A government study has found that stability control systems can reduce vehicle accidents, a result safety advocates reportedly hope will persuade car makers to make the systems standard in all vehicles.

Electronic stability control systems are currently available on about 10% of the vehicles sold in the United States and one-third of the vehicles sold in Europe, the Associated Press (AP) said.

The National Highway Traffic Safety Administration found stability control reduced one-car crashes by 35% when compared to the same models sold in prior years without the technology, AP noted.

NHTSA reportedly said the results were even more dramatic with sport utility vehicles, which are more likely to tip over when a driver overcorrects after leaving the road. Stability control reduced single-vehicle SUV crashes by 67%.

The study said electronic stability control appears to help drivers because it can sense the kind of driving that often precedes an accident and intervene to help the driver. But NHTSA stressed the results were preliminary, and said it would do further study to determine if design changes, driving conditions or other factors may have affected their performance. NHTSA also wants to study stability control in a wider cross-section of vehicles, including non-luxury vehicles, which will likely take another two years, AP added.

The Associated Press noted that some safety advocates have expressed frustration with NHTSA's slow pace on stability control. The agency got a prodding last year from the National Transportation Safety Board, which recommended NHTSA expand its evaluation of stability control after a rollover accident that killed five people in Maryland.

David Pittle, senior vice president of Consumers Union, which publishes Consumer Reports, told the news agency the study echoes what his organisation has seen in vehicle tests. Pittle said he would like automakers to make the equipment standard on their own instead of waiting for NHTSA to mandate it.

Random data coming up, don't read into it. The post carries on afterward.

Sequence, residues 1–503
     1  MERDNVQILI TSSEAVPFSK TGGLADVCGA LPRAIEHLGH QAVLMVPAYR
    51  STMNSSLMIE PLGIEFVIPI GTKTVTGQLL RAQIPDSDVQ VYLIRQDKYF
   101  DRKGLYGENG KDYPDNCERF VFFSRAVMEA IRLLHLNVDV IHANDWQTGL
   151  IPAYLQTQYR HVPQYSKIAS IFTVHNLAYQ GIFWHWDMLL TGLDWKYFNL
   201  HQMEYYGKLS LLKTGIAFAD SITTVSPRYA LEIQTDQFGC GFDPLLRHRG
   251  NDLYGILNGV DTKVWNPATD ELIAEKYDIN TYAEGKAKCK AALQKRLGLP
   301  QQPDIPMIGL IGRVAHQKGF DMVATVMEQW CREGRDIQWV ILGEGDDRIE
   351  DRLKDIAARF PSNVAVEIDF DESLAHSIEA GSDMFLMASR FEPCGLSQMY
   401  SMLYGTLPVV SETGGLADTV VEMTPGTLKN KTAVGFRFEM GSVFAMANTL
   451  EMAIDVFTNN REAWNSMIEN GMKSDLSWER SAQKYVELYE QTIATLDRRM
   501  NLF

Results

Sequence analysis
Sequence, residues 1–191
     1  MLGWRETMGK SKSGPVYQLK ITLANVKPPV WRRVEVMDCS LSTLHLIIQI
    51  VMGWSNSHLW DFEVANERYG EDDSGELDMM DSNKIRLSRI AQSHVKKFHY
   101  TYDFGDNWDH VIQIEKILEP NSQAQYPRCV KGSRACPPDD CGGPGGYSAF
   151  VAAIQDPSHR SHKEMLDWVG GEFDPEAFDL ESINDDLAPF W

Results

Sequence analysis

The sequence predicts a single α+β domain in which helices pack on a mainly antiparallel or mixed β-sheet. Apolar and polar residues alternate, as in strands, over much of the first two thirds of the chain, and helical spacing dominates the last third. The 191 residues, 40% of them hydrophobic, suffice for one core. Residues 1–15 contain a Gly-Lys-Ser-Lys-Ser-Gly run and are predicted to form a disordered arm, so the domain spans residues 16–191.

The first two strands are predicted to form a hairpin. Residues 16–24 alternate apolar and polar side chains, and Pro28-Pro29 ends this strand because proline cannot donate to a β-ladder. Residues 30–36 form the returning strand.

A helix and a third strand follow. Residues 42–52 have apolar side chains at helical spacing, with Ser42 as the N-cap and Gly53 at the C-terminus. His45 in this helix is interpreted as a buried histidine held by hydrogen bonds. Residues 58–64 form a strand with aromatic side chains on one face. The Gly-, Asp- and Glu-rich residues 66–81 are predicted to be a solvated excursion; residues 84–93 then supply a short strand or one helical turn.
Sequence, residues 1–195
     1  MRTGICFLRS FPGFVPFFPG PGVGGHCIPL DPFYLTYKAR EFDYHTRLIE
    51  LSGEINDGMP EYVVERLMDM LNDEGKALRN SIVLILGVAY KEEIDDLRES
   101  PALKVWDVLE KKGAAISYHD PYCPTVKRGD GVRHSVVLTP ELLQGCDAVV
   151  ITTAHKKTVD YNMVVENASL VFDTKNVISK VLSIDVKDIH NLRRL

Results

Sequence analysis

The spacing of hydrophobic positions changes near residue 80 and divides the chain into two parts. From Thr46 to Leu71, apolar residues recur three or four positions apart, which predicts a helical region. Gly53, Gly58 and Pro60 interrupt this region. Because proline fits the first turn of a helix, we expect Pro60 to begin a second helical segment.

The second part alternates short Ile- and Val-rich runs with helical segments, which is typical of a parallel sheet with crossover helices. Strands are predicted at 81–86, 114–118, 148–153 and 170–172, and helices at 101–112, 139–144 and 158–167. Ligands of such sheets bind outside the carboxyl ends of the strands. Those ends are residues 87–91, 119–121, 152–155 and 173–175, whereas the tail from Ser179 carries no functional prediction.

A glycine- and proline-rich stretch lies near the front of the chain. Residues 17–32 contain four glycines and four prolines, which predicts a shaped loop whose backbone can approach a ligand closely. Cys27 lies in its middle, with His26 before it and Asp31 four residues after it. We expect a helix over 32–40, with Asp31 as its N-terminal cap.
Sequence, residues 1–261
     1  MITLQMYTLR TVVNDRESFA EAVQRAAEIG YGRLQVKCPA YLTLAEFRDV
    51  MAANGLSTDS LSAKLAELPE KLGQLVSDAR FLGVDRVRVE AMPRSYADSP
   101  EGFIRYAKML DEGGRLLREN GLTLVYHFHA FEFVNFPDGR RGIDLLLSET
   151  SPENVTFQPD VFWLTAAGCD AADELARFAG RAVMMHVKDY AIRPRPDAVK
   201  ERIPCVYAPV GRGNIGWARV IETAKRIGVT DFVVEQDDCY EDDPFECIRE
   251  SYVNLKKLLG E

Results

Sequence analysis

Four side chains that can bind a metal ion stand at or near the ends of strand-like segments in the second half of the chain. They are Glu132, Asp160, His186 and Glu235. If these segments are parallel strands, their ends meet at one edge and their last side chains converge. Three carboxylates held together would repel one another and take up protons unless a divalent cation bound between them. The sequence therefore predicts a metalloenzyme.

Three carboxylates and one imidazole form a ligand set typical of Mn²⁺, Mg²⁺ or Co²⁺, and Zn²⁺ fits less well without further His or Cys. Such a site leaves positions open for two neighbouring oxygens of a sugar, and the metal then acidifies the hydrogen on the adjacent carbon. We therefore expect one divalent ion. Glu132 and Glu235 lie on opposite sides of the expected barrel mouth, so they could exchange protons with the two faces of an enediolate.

"This is not a luxury add-on. This is an essential safety feature," Pittle told AP.

For the study, NHTSA examined crash data from 1997 to 2003 in Florida, Illinois, Maryland, Missouri and Utah, AP said. Those states were chosen because they have very detailed records. The majority of the passenger car samples were Mercedes-Benz and BMW models, since stability control was standard on Mercedes vehicles by 2000 and on BMW vehicles by 2001. Many luxury General Motors models also had the technology, NHTSA reportedly said. Among SUVs, Mercedes, Toyota and Lexus vehicles made up the largest part of the sample.

According to the Associated Press, the results mirrored studies in Europe and Japan. A study of German government data released in 2002 by DaimlerChrysler showed accident rates for Mercedes vehicles in Germany fell by 29% between 1999 and 2000 after stability control became standard.